When I was pregnant with my first child, I was sent to cover an event for female leaders in marketing that was designed to inspire the next generation of creative talent. This was in the heyday of Lean In and a chief executive told the story of how she had missed her daughter’s entire first week of school while working on a pitch. Like many people, I have never had a definitive notion of what "success" looks like – but I was sure that I wasn’t looking at my ideal of it.
Five years on, the conversation about role models and creative leadership is more nuanced. In part, this shift has happened out of necessity; with social media driving a new era of transparency, toxic business cultures are in the firing line. When every employee is a whistleblower-in-waiting, authentic and progressive leadership has never been so necessary for sustainable business success.
Yet a recent article in Campaign from creative director Nathalie Turton, describing how a London agency retracted a job offer because she asked to leave at 5pm three days a week to pick up her son, suggests there is still a long way to go. Are we kidding ourselves that advertising is a genuinely progressive industry?
At a recent Glug event, a young female creative explained the challenge facing industry leaders in brutally simple terms: "There are some who just don’t get it and they need to be managed out."
Painful though it may be, this issue is particularly pressing for the creative industries. If the companies that brands turn to in order to better understand and communicate with their consumers are not progressive enough to accommodate the needs of their own employees, let alone understand the broader changes in society, where does their value lie?
All too often business leaders have been guilty of appropriating the language of inclusivity and feminism while steadfastly maintaining the status quo. This disconnection between word and deed has been highlighted by the flurry of jargon and obfuscation surrounding recent gender-pay gap reporting.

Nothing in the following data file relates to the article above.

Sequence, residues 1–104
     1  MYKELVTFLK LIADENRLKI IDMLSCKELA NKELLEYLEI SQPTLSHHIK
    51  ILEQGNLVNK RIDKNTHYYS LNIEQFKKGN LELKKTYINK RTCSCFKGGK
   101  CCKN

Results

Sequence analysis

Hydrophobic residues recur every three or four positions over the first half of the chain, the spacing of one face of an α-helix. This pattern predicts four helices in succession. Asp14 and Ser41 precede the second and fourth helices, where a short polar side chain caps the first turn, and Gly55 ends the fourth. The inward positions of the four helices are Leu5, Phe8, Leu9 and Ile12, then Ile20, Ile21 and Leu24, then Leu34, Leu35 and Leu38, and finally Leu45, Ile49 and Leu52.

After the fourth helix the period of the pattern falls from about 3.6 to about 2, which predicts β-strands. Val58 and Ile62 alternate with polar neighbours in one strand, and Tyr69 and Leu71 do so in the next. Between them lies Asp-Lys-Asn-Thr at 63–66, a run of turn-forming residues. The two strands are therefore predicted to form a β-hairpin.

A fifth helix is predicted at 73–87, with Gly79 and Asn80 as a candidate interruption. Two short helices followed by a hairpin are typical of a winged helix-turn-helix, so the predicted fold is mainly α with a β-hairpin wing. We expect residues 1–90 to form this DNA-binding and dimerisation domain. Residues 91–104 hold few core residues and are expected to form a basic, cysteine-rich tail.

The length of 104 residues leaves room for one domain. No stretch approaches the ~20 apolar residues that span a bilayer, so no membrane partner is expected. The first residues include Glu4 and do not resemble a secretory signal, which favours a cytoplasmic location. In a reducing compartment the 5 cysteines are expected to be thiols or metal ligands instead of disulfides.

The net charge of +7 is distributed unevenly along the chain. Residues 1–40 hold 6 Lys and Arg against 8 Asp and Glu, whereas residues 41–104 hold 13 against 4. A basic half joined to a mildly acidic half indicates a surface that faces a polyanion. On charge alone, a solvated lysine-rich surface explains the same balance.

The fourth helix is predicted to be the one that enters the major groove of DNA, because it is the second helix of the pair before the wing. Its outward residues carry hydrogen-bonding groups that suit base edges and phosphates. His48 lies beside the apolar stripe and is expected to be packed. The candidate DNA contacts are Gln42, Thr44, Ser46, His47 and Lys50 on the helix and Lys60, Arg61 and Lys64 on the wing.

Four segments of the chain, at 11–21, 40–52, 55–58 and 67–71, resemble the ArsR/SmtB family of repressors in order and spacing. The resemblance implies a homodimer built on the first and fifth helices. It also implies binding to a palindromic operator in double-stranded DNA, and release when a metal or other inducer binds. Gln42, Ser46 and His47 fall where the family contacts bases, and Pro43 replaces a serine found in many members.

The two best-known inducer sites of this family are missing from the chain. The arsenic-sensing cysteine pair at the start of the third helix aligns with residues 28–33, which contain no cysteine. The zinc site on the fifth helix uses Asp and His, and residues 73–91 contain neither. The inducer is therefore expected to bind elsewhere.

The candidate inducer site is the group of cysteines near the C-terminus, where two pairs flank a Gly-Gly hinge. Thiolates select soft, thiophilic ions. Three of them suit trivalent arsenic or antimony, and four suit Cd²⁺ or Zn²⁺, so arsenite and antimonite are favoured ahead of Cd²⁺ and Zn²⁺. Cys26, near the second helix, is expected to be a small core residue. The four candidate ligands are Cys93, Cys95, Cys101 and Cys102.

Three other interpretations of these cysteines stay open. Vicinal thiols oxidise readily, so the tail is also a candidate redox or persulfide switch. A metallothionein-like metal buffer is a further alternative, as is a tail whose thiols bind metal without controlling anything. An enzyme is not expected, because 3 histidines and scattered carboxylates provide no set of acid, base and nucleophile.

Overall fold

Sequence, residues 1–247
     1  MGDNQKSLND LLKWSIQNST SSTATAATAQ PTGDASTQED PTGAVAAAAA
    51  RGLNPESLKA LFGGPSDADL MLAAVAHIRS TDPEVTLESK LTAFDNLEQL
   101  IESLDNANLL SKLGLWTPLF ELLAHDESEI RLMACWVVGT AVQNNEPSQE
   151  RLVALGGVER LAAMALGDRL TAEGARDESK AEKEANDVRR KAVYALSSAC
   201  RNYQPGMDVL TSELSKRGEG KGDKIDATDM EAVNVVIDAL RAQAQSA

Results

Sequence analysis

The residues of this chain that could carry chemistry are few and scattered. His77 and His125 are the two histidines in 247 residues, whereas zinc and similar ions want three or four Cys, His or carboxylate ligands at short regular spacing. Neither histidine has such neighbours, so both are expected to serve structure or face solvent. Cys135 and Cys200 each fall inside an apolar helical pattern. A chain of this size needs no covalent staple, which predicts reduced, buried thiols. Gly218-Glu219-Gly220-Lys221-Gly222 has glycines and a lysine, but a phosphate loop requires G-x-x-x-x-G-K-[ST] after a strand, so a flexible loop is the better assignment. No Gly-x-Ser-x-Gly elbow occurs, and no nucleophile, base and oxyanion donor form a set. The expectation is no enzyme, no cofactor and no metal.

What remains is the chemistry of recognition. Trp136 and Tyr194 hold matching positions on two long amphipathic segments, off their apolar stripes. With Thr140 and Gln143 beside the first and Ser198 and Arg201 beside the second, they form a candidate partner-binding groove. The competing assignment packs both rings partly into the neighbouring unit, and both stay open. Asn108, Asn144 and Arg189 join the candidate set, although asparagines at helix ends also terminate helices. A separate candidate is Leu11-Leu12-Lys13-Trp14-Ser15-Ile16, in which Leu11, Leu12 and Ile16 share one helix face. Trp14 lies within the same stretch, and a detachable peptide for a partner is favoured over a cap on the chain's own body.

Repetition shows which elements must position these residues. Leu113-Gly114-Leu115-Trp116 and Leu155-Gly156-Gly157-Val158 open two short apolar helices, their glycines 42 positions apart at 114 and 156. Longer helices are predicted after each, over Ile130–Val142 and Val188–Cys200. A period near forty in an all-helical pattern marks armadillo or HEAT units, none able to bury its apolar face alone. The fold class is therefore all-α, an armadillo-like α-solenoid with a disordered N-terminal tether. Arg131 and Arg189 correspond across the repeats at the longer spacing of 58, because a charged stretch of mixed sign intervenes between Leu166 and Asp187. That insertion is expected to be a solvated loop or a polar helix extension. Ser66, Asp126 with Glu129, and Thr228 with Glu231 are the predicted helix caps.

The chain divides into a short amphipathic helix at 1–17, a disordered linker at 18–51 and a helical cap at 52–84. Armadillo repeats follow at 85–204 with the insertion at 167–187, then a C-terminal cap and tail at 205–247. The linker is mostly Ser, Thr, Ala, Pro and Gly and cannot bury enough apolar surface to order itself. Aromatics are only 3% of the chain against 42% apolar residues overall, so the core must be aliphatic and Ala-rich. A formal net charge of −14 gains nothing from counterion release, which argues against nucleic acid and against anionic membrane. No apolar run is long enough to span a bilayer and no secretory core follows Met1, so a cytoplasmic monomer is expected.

Take the disparity between J Walter Thompson’s "Fuck the gender pay gap" campaign and its own fucking huge gender pay gap or the revelation that "Because you’re worth it" perhaps doesn’t apply to women who work at L’Oréal UK (who earn a third less than their male colleagues). The gulf between rhetoric and reality is a reminder that businesses and their leaders are not always as progressive as they claim, or believe themselves to be.
Amid ongoing economic uncertainty and the seemingly unending drive to get "more for less", everyone loses. As novelist Elena Ferrante writes: "Even today, after a century of feminism, we can’t fully be ourselves." She explains that not only is female power suffocated but also, for the sake of peace and quiet, "we suffocate ourselves".
The truth is that progress is hard. Calling out bad behaviour and pushing for change can be exhausting. Nonetheless, it is vital if we are to thrive as individuals and businesses.
We must not suffocate the progressive leaders of the future – or, worse still, push them out before they really get started. It is no longer enough to give a leg up to the few. We need to take the lid off the discrimination of the past and give everyone the space to breathe.
Nicola Kemp is the trends editor at Campaign.